Nanosys demonstrates the next generation of electroluminescent quantum dot display technology

why does it matter: Manufacturers have been including quantum dots in LED displays for a while now, but they’re working on displays that use them exclusively. The technology could become efficient and cheap enough to find success in LCD and OLED displays as the range of applications for digital displays expands.

At CES 2023, Nanosys held a “hot secret” proof For his latest work on electroluminescent quantum dots – a candidate for the next major display technology. Nanosys wasn’t able to release any photos of its CES presentation, but the capabilities available could be quite extensive.

Considered so efficient because they emit almost all the light they absorb, quantum dots produce light when fed energy and give off different colors depending on their size. Display manufacturers only use red, blue, and green quantum dots, but other colors are possible.

Quantum dots actually make up the “Q” in QLED and the “QD” in QD-OLED screens. Until now, these luminous quantum dots, which receive energy from light, have played only a secondary role to more mature display technologies.

Nanosys’ electrically luminous quantum screens will use only electrically activated quantum dots. It can significantly reduce power consumption and lower manufacturing costs while at least matching the picture quality and brightness of QD-OLED.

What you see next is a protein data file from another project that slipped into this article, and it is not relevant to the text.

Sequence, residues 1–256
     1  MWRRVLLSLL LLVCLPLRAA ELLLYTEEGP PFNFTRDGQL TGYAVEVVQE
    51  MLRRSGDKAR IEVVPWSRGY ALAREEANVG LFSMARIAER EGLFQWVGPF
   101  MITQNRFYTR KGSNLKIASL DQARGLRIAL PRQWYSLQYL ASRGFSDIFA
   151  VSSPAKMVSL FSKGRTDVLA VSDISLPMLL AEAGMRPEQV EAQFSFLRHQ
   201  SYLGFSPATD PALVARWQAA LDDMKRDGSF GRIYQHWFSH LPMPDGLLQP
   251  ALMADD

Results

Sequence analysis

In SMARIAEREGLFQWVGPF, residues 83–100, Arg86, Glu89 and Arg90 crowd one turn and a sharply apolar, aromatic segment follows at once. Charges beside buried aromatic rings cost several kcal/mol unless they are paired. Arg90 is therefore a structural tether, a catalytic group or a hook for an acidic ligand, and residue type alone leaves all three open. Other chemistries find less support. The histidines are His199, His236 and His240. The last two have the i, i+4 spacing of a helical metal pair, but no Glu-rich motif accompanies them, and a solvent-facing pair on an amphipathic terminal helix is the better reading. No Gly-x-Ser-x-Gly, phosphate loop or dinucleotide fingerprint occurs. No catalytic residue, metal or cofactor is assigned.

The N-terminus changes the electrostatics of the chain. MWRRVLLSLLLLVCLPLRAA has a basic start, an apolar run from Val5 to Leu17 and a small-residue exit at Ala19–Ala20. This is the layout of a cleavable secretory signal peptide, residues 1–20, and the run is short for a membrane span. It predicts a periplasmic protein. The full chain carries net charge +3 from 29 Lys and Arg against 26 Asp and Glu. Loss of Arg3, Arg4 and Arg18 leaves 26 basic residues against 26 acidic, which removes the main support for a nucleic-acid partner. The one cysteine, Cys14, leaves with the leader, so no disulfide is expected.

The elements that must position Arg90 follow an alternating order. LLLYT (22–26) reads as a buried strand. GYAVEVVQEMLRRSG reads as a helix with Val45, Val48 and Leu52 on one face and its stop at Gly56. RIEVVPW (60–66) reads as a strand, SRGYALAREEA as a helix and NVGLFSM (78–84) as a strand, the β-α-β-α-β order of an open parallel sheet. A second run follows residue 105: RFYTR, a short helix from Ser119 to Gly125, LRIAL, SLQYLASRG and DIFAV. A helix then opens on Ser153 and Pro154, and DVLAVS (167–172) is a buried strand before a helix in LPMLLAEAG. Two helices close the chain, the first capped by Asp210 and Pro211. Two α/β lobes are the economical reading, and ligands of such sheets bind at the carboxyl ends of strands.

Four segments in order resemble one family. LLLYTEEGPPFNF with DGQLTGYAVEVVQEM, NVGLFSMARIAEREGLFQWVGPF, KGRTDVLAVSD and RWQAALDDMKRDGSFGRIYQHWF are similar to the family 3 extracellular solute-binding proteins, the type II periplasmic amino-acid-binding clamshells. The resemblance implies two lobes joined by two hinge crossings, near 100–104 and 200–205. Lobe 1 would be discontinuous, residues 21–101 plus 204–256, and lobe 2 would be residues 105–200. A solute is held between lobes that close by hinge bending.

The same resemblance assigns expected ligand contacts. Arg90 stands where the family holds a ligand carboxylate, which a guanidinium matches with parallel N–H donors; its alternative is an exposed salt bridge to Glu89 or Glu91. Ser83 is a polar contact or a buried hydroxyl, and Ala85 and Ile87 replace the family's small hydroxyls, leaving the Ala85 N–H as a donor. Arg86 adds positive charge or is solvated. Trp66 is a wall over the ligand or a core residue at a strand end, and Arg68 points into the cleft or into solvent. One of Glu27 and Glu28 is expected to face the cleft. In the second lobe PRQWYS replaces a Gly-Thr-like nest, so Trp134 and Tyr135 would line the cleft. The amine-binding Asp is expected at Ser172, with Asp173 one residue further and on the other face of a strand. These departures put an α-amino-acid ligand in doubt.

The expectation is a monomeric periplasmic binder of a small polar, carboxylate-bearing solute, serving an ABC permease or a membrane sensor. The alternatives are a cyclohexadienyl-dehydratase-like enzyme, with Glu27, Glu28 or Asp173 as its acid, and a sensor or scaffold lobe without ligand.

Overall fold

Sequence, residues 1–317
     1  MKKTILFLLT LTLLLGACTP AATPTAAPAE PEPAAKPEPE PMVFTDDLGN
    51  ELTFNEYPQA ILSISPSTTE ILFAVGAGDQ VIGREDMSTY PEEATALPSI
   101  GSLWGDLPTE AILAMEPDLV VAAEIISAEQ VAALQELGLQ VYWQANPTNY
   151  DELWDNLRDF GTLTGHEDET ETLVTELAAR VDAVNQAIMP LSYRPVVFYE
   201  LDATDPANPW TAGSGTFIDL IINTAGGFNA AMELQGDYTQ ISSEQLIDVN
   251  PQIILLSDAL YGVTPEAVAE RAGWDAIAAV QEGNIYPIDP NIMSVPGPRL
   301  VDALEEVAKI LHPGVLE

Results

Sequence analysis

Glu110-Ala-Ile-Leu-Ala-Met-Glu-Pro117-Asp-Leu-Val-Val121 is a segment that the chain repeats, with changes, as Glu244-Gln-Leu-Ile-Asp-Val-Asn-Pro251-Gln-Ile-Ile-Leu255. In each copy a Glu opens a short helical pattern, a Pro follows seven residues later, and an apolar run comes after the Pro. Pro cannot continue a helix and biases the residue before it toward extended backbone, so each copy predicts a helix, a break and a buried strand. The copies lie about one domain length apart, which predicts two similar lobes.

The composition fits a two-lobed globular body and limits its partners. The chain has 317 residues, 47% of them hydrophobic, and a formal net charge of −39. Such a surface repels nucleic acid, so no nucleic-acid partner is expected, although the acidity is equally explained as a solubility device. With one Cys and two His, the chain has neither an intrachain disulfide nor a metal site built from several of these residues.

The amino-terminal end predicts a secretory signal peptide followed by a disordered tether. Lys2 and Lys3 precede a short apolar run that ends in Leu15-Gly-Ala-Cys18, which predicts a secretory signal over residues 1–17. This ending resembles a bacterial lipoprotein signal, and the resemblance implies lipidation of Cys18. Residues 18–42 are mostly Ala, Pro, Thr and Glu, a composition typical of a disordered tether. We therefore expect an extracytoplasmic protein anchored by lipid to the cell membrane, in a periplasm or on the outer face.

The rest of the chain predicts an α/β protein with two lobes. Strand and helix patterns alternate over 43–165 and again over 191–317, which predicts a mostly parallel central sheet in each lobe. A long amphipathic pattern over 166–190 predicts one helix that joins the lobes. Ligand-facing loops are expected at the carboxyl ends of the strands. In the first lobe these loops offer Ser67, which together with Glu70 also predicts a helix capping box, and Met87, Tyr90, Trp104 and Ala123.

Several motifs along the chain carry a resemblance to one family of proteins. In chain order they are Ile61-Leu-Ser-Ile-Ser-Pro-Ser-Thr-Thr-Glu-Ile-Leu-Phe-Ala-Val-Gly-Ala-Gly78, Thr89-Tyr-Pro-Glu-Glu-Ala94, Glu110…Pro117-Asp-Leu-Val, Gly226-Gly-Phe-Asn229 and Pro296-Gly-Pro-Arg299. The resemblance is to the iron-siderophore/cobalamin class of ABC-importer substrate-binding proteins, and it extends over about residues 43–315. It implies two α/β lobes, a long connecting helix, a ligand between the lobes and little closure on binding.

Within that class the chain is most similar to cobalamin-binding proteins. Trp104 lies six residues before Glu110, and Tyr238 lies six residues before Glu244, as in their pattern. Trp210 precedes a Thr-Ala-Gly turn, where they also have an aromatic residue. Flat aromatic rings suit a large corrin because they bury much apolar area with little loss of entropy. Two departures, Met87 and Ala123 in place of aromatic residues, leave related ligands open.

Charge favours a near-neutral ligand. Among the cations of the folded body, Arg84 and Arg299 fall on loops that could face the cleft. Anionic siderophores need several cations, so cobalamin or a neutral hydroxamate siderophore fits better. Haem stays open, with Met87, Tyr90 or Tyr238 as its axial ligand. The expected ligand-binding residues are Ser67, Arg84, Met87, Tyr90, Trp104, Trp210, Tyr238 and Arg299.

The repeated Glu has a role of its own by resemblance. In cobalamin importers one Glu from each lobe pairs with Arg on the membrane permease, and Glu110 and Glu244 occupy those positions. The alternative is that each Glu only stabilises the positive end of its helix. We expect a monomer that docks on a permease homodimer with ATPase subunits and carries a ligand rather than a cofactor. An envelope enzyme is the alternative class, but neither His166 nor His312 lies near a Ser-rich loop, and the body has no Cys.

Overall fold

The prototype for CES was a 6-inch screen attached to a complex array of wires, but electrically luminous quantum dot displays can fit in a variety of sizes. Manufacturers can use them for large-screen TVs, smartphone screens, virtual reality headsets, and more.

Moreover, the efficiency and low-cost nature of electrically illuminated quantum dots could make them applicable for a variety of surfaces that would not normally include displays. Nanosys believes the technology can greatly advance augmented reality by working with transparent objects.

Nanosys website it contains Artwork that visualizes displays, advertisements, and other information around windows, car windshields, and other glass items. CNET speculates that electroluminescent quantum displays could show drivers important information on their windshields without drawing their eyes away from the road, or create augmented reality experiences over regular glasses.

The company admits that direct-vision quantum dot matrix displays may still be several years away. The format in which it debuts will depend on which display manufacturers will be willing to adopt the technology first: TVs, phones, VR, or whatever.

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